One hour of turbo training to help get you ready for racing

While there is no one single workout that can get you ready for road race or cyclo-cross racing events. You can train for those changes in pace which populates bunch racing and cross country events.

You can never tell exactly how long you're going to spend 'in the gutter' in a road race so it's a good idea to train accordingly in your turbo trainer workouts.

Road and cross country racing specific one hour turbo trainer intervals

The below workout includes a number of intervals specific to the demands of racing

Tabata style reaction intervals

5 seconds hard, followed by 5 seconds easy sounds straightforward- however when you try it for more than a few minutes at a time- It Hurts. These intervals will help you become adjusted to the changes of pace required in race situations.

30 second lung opening intervals

When the pace goes down in a race it rarely goes 'mental' for more than 30 seconds. Train your body to go for multiple 30 second intervals in different gearing's (therefore at different cadences) to be able to react accordingly and potentially do some damage yourself after someone goes hard for the first 30 seconds and everyone else wants a recovery period.

5 minute muscular endurance intervals

The key attribute to many racing cyclists is the ability to maintain the ability of pushing a high gear at a relatively high cadence. This is emphasised in this workout as well as the ability to push a high gear while already fatigued. This will help your racing towards the end of a race.

One hour on the turbo to prepare you for road racing or cyclocross

Time (mins)
Description
Heart Rate
Typical Gear
Cadence
0-10
Warm Up
Steadily bring HR up to 80% HR max
39x21 progresing through cassette
100-110 rpm
10-10:30 (30 secs)
30 sec interval for hard effort accustomisation
Up to 90% HR Max
53x15
100-110 rpm
10:30-11:00
30 secs recovery
Allow to lower slightly
39x15
100-110 rpm
11-11:30
30 sec interval for hard effort accustomisation
Up to 95% Max HR
53x13
100-110 rpm
11:30-12:00
30 secs recovery
allow HR to lower slightly
39x15
100-110 rpm
12-12:30
30 sec interval for hard effort accustomisation
Up to 95% Max HR
53x19
110-130 rpm
12:30-13:00
30 secs recovery
allow HR to lower
39x15
100-110 rpm
13-13:30
30 sec interval for hard effort accustomisation
Up to 95% Max HR
53x12
80-90 rpm
13:30-14:00
30 secs recovery
allow HR to lower
39x15
100-110 rpm
14-14:30
30 sec interval for hard effort accustomisation
Up to 95% HR
53x15
100-110 rpm
14:30-17:00
Recovery
Allow HR to drop towards rest
39x15
100-110 rpm
17-22:00
5 min tabata style interval- 5 sec hard 5 sec easy continuous for 5 mins
On work intervals pushing towards max HR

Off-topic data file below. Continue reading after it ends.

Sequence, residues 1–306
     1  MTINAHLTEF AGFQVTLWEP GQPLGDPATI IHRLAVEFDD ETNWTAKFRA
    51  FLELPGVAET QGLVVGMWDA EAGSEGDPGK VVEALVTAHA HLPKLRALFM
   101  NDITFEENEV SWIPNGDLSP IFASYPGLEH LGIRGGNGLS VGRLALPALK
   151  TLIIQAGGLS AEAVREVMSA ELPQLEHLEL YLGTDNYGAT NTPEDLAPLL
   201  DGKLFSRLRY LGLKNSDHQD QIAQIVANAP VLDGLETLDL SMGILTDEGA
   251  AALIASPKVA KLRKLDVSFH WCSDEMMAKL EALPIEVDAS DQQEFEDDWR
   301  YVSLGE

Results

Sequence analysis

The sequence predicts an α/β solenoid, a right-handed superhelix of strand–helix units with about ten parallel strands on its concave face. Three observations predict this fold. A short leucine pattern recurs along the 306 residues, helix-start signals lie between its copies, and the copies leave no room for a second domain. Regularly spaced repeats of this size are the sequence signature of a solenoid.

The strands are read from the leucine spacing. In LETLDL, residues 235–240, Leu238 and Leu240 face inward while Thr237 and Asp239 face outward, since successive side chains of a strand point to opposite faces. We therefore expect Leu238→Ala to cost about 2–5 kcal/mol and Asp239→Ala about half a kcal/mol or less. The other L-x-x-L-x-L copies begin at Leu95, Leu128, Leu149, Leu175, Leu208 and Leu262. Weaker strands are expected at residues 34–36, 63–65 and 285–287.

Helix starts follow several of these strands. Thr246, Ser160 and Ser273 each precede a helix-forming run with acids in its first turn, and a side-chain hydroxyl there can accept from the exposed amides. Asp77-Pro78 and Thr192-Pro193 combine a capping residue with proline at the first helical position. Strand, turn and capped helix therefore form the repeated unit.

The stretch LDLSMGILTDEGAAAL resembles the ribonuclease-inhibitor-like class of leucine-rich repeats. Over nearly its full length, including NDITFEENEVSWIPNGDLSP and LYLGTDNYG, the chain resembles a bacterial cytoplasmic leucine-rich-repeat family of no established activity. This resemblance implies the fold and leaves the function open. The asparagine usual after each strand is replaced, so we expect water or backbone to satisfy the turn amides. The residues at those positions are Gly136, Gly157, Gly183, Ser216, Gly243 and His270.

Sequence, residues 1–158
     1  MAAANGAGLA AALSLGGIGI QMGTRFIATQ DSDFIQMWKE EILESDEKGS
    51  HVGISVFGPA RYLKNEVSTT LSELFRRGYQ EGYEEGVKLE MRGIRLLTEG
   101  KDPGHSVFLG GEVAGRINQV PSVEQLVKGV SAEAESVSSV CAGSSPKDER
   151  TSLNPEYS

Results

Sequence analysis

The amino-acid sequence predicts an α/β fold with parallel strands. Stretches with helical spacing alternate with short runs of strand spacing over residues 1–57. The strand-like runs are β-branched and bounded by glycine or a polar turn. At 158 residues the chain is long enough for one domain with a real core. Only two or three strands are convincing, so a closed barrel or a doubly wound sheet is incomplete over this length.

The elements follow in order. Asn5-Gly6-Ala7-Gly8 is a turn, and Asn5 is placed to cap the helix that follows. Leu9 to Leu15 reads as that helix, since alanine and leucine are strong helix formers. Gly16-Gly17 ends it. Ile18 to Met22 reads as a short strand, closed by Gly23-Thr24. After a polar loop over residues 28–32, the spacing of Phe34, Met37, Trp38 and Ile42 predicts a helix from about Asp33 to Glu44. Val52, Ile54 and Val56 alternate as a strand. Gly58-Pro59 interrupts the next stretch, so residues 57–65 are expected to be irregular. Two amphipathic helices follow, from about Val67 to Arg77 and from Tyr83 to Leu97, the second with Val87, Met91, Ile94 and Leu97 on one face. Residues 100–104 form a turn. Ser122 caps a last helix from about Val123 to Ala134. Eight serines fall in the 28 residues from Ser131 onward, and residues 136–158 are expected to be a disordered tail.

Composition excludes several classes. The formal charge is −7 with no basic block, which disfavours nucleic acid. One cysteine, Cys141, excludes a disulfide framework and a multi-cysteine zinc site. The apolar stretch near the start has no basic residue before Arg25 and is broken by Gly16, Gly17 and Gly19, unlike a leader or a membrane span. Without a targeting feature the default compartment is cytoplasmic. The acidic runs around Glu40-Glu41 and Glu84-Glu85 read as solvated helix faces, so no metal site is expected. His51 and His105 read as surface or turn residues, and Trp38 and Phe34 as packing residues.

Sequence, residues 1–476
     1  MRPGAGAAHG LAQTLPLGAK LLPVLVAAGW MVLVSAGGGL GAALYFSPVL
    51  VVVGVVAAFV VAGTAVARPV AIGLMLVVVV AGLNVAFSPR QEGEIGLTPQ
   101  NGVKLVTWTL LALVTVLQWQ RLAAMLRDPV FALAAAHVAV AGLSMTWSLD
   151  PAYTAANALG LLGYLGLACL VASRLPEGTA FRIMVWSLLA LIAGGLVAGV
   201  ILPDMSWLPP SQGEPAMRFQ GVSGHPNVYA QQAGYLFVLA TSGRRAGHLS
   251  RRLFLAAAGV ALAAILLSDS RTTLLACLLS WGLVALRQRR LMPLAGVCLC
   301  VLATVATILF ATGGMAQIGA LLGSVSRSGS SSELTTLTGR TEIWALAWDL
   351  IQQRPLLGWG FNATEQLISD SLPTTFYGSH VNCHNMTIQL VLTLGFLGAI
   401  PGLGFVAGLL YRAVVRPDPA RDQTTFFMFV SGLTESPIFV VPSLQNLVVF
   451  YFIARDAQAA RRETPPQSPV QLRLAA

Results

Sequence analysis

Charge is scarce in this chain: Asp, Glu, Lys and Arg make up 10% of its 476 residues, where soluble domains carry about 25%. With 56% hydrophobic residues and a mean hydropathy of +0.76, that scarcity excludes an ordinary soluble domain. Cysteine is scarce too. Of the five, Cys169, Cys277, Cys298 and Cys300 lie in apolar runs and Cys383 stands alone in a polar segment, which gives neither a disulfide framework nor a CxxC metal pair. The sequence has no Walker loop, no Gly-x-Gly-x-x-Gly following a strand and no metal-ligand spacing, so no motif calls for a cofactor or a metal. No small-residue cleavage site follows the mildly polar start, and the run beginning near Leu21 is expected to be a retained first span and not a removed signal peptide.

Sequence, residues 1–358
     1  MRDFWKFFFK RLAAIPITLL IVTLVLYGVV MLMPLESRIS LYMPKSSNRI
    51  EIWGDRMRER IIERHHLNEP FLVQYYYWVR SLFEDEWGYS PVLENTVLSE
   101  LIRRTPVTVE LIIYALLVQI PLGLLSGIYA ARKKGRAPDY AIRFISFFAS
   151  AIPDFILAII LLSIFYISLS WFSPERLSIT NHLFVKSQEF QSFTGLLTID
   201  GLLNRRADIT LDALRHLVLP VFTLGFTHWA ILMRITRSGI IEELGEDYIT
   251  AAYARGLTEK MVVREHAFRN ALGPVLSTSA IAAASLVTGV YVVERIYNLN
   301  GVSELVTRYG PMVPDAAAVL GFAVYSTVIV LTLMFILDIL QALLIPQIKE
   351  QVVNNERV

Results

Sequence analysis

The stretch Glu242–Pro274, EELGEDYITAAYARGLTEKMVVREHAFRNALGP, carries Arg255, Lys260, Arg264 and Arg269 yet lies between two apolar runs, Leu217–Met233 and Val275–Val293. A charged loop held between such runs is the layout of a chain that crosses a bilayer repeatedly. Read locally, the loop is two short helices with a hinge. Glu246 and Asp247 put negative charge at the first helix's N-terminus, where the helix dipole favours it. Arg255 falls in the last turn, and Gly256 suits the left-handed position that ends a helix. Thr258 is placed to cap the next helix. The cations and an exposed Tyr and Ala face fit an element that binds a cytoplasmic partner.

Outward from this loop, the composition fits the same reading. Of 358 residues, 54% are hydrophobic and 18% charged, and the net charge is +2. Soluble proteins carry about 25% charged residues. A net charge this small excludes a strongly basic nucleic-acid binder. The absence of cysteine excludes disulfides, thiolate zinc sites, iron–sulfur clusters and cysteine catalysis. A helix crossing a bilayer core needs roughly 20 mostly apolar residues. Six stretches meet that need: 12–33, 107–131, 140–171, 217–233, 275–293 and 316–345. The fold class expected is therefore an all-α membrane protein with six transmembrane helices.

53x15
Max possible on work intervals
22-25:00
Recovery
Allow HR to drop towards resting
39x15
100-110 rpm
25-30:00
5 min tabata style interval- 5 sec hard 5 sec easy continuous for 5 mins
On work intervals pushing towards max HR
53x15
Max possible on work intervals
30-33:00
Recovery
Allow HR to drop towards resting
39x15
100-110 rpm
33-38:00
Muscular endurance interval
Aim for up to 85% Max HR
52x17
100-110 rpm
38-40:00
Recovery
Allow HR to drop
39x15
100-110 rpm
40-45:00
Muscular endurance interval
Aim for up to 85% Max HR
52x17
100-110 rpm
45-47:00
Recovery
Allow HR to drop
39x15
100-110 rpm
47-52:00
Muscular endurance interval
Aim for up to 85% Max HR
52x17
100-110 rpm
52-60:00
Cool Down
Lower HR towards resting
39x15 and progress up cassette
100-110 rpm
A typical road race and cyclocross acclimatisation workout on a turbo trainer lasting one hour. Gearinsg are approximate and will vary between riders.

Good luck with your indoor cycling workouts

Please let us know how you get on in the comments tab below

Many thanks

CyclingFitness

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Comments 2 comments

CyclingFitness profile image

CyclingFitness 4 years ago from Nottingham UK Author

Thanks Paul.

I've actually found dramatic improvements in myself and teammates have been experienced through cadence drills over 2-3 months through the winter and can be encorporated into easy day rides as well. I've borrowed experienced racers a set of rollers for a month and they have noted extremes in terms of their technique development which helps to show that any rider can improve their technique no matter what their proficiency as the sledgehammer pedal technique still exists.

I have experience using power and while it is slowly making it's way into UK cycling training it is still an expense which a lot of riders have yet to take on. I have a number of hubs planned for future development regarding training with power. I particularly like using wattbikes for training sessions however many regular cyclists don't have access to them presently.


Paul Rinkenberg profile image

Paul Rinkenberg 4 years ago from Bethlehem, Pennsylvania

Like the hub. As a coach and racer, I've found that cadence drills are only good for beginner cyclists and for the first week coming off the couch for experienced racers. I've also found that 1 hour on the trainer will limit the gain one could make by adding another 30 mins of interval work. Either way, sometime a 1 hour crunch session is needed in order to get any sort of ride in that day. Do you have any experience using power?